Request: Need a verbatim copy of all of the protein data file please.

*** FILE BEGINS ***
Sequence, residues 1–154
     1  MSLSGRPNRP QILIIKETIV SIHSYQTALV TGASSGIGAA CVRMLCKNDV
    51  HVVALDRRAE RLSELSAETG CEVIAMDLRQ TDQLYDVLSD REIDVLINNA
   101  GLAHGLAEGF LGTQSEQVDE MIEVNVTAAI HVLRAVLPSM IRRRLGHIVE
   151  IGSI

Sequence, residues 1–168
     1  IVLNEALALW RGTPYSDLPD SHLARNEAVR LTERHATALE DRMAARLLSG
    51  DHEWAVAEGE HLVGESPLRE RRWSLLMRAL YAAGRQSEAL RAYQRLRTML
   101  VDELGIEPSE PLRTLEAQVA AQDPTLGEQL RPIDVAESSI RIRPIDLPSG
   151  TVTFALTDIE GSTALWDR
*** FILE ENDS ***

Sequence, residues 1–154
     1  MSLSGRPNRP QILIIKETIV SIHSYQTALV TGASSGIGAA CVRMLCKNDV
    51  HVVALDRRAE RLSELSAETG CEVIAMDLRQ TDQLYDVLSD REIDVLINNA
   101  GLAHGLAEGF LGTQSEQVDE MIEVNVTAAI HVLRAVLPSM IRRRLGHIVE
   151  IGSI

Sequence, residues 1–168
     1  IVLNEALALW RGTPYSDLPD SHLARNEAVR LTERHATALE DRMAARLLSG
    51  DHEWAVAEGE HLVGESPLRE RRWSLLMRAL YAAGRQSEAL RAYQRLRTML
   101  VDELGIEPSE PLRTLEAQVA AQDPTLGEQL RPIDVAESSI RIRPIDLPSG
   151  TVTFALTDIE GSTALWDR